Abstract: ABSTRACT Achieving high biomass yields of cover crops has been a challenge to the success of Conservation Agriculture (CA) practices in the Eastern Cape (EC). A study was conducted to evaluate strategies for optimizing cover crop biomass production. Trials were carried out to screen summer and winter cover crops, as well as evaluate intercropping patterns and planting dates for biomass, weed suppression and subsequent maize yield under irrigation. Four summer legume cover crop species were evaluated under a Randomised Complete Block Design (RCBD) design. The cover crops were fertilized with 13.34 kg ha-1 of N, 20 kg ha-1 P and 26.66 kg ha-1 K. In the 2008/09 summer season a maize crop was superimposed on the 2007/08 screening trial under no-till. The crop was fertilized with 60 kg ha-1 of N. An intercropping trial was conducted over two seasons as a way of investigating the best way of incorporating cover crops into farmers cropping systems. This was done bearing in mind the limitation of resources such as land. The trial evaluated 3 factors laid as a 2 x 2 x 3 factorial arranged in a split-plot design. The main factor was cover crop planting date (planting at maize planting or 2 weeks after maize planting). The sub plot factor was intercropping pattern (strip intercropping and between row intercropping). A trial was also conducted to evaluate the effect of planting date (End of April and mid May) and four winter legume cover crop species on cover crop biomass, weed suppression and maize grain yield. The experiment was laid out as a Randomised Complete Block Design (RCBD) replicated 3 times. In the subsequent summer season a maize crop was superimposed on the winter trial to test the residual effects of the cover crop species. Another study was conducted to evaluate winter cereal cover crop species for biomass accumulation, weed suppression and subsequent maize grain yield. The cover crops as well as a weedy fallow control plot treatments were laid out as a v Randomised Complete Block Design replicated 3 times. In the subsequent summer season a maize crop was superimposed on the site under no-till to evaluate the residual effect of the cover crops on maize. The results showed sunhemp, cowpea and lablab as the best cover crops with high biomass and weed suppression whilst mucuna was the least. Sunhemp consistently yielded higher cover biomass averaging 11200 kg ha-1 over the two seasons whilst mucuna had a consistently lowest average biomass yield of 4050 kg ha-1. These cover crops were above the critical 6 t ha-1 for effective weed suppression. There was a significant (p<0.01) relationship of cover crop dry weight and weed dry weight in both seasons. Subsequent maize grain yield was significantly higher in the sunhemp plots (64.2 %) than the weedy fallow plot. Mucuna, lablab and cowpea had maize grain yield increases of 16.6%, 33% and 43.2% respectively. Intercropping cover crops at maize planting yielded higher cover crop dry weights than a delay in intercropping cover crops. A delay in intercropping resulted in significantly higher average maize grain yield of 4700 kg ha-1 compared to intercropping at maize planting (3800 kg ha-1) and sole maize (4300 kg ha-1) over the two seasons. Strip intercropping also yielded higher (5000 kg ha- 1) average maize grain yield compared to row intercropping (3600 kg ha-1) and sole maize (4300 kg ha-1). There was a significant (p<0.05) relationship between cover crop dry weight in the 2007/08 season and maize grain yield in the 2008/09 season. Early planting grazing vetch gave the highest biomass yield of 8100 kg ha-1 whilst early planted red clover had the lowest biomass of 635 kg ha-1. Low weed dry weights were also obtained from the early planted grazing vetch as opposed to the other treatments. There was a significant (p<0.001) relationship of cover crop dry weight and weed dry weight. In the subsequent 2008/09 summer season early planted grazing vetch had the highest maize yield of 7500 kg ha-1 which was 56.3 % more than the weedy fallow plot had 4800 kg ha-1. The weedy fallow plot also had high weed infestation than the cover crop plots. There were significant (p<0.01) relationships between cover crop dry weight vi and maize grain yield, winter weed dry weight and maize grain yield and summer weed dry weight and maize grain yield. The results also showed triticale (13900 kg ha-1) as the best winter cover crop for biomass production. Italian ryegrass (6500 kg ha-1) produced the least amount of biomass. In The subsequent maize crop white oats gave highest maize grain yield (6369 kg ha-1) which was 33 % more than the weedy fallow plot (4784 kg ha- 1). There were also significant (p< 0.01) relationships of maize grain yield and winter weed dry weight, maize grain yield and summer growing weeds. The various studies demonstrated that there is opportunity for high biomass production under small scale farmers irrigated conditions using cover crops both in winter and summer. Best bet cover crops were sunhemp, cowpea and lablab for summer and triticale, white oats, barley, Italian ryegrass and grazing vetch for winter. Cover crops can also be incorporated into farmers cropping systems as sole crops or intercrops within the maize based cropping systems. Strip intercropping can be used by farmers as a way of introducing cover crops. Critical to achievement of high biomass is the time of planting cover crops with high biomass when planting is done early. A 2 week delay in strip intercropping cover crop into maize can be used as a way of incorporating cover crops into farmers cropping systems with minimal maize yield reduction.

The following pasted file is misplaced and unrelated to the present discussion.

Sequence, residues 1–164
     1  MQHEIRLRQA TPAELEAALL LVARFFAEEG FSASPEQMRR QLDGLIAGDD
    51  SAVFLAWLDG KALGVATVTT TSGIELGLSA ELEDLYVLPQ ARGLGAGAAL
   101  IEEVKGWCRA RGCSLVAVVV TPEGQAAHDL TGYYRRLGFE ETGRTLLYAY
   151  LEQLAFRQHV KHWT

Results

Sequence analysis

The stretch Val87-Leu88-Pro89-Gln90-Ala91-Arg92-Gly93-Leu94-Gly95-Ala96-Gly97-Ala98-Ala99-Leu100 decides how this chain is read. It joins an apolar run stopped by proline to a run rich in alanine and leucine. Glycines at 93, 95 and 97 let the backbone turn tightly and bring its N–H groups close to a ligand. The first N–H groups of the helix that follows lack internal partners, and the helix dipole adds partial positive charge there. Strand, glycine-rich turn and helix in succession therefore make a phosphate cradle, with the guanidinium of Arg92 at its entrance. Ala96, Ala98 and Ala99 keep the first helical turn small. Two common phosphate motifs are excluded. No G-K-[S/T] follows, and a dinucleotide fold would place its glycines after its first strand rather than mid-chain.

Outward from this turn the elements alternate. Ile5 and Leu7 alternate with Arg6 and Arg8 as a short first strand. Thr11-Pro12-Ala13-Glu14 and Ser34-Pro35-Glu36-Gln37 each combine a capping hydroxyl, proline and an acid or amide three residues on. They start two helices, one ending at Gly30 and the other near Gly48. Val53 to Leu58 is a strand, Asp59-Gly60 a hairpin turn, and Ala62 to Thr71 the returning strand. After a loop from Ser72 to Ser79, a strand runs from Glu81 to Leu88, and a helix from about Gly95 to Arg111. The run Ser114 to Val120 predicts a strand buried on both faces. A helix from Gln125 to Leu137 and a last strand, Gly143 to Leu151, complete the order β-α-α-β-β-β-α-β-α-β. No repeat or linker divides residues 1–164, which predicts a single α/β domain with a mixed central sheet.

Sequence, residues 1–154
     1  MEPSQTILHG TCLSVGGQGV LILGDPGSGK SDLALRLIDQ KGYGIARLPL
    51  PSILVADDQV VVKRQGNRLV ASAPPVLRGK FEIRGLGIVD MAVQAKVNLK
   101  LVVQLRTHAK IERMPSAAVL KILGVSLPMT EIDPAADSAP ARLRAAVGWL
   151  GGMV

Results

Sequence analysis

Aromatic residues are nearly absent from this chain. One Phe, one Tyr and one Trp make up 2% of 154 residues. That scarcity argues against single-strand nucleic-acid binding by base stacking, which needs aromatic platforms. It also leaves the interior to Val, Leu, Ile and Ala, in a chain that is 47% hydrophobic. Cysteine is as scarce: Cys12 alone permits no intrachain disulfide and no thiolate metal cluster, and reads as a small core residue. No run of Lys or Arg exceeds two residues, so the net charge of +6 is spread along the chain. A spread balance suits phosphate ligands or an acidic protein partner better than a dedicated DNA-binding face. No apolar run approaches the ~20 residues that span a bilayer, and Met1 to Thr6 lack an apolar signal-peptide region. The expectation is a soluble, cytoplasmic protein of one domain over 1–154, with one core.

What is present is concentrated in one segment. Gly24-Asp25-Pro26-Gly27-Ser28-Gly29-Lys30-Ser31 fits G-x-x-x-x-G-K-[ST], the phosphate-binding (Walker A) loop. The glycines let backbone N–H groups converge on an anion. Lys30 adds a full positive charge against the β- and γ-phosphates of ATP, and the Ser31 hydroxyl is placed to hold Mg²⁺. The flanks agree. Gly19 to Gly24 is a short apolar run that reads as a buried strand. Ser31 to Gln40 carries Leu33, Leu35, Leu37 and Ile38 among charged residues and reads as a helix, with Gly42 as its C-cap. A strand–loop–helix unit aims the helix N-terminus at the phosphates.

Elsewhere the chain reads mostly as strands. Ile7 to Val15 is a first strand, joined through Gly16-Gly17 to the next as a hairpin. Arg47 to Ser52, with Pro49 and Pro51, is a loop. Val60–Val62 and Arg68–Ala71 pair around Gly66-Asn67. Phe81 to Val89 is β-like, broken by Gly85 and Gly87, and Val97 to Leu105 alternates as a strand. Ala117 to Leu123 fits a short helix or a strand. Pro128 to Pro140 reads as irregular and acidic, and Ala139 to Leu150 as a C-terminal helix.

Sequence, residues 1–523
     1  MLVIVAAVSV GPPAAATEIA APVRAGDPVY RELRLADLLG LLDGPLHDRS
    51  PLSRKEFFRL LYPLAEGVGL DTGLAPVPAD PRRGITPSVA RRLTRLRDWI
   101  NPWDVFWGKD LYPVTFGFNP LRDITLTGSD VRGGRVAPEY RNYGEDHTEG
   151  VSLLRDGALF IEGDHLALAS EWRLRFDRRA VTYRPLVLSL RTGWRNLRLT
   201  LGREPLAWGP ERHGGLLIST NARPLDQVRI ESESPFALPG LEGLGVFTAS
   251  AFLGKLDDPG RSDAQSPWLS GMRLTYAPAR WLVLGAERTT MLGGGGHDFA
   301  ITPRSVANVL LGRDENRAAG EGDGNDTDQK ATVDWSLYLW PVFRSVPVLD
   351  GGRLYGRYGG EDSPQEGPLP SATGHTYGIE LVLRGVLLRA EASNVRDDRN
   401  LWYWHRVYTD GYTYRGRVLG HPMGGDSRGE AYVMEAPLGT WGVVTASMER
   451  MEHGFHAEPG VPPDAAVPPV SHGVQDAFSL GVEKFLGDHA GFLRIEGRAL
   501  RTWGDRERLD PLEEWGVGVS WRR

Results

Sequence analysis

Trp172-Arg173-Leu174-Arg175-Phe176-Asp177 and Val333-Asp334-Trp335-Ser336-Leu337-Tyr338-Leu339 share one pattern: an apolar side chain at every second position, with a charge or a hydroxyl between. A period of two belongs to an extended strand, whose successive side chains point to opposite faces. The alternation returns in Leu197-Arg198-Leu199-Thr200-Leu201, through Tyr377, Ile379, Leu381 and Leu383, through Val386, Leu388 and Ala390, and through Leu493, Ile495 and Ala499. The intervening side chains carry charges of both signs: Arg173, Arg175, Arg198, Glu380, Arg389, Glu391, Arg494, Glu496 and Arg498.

Description: Thesis (M.Sc.)(Crop science)--University of Fort Hare, 2010
URI: http://hdl.handle.net/10353/347
Library of Congress Subject Headings: Cover crops
Biomass energy--South Africa--Eastern Cape
Conservation of natural resources--South Africa--Eastern Cape
Agricultural systems--South Africa--Eastern Cape
Appears in Collections:Theses and Dissertations (Crop Science)